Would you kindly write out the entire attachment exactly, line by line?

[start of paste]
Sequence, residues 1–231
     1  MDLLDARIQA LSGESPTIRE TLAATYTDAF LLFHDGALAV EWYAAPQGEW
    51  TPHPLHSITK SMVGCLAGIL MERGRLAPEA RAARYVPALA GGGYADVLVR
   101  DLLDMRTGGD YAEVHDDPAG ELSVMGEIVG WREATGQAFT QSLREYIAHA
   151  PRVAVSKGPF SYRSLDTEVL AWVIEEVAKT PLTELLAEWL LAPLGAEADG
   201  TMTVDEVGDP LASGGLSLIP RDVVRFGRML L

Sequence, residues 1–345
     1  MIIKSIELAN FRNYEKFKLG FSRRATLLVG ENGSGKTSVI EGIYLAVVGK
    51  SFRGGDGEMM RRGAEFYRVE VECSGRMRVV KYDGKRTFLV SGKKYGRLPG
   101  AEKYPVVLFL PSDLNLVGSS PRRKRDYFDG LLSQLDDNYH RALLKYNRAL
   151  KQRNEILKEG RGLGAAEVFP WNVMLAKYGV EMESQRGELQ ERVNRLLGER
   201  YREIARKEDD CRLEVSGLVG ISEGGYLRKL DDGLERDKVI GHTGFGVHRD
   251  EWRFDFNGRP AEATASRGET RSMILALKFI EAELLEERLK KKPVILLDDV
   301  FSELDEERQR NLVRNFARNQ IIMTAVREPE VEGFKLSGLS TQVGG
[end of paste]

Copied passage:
Sequence, residues 1–231
     1  MDLLDARIQA LSGESPTIRE TLAATYTDAF LLFHDGALAV EWYAAPQGEW
    51  TPHPLHSITK SMVGCLAGIL MERGRLAPEA RAARYVPALA GGGYADVLVR
   101  DLLDMRTGGD YAEVHDDPAG ELSVMGEIVG WREATGQAFT QSLREYIAHA
   151  PRVAVSKGPF SYRSLDTEVL AWVIEEVAKT PLTELLAEWL LAPLGAEADG
   201  TMTVDEVGDP LASGGLSLIP RDVVRFGRML L

Sequence, residues 1–345
     1  MIIKSIELAN FRNYEKFKLG FSRRATLLVG ENGSGKTSVI EGIYLAVVGK
    51  SFRGGDGEMM RRGAEFYRVE VECSGRMRVV KYDGKRTFLV SGKKYGRLPG
   101  AEKYPVVLFL PSDLNLVGSS PRRKRDYFDG LLSQLDDNYH RALLKYNRAL
   151  KQRNEILKEG RGLGAAEVFP WNVMLAKYGV EMESQRGELQ ERVNRLLGER
   201  YREIARKEDD CRLEVSGLVG ISEGGYLRKL DDGLERDKVI GHTGFGVHRD
   251  EWRFDFNGRP AEATASRGET RSMILALKFI EAELLEERLK KKPVILLDDV
   301  FSELDEERQR NLVRNFARNQ IIMTAVREPE VEGFKLSGLS TQVGG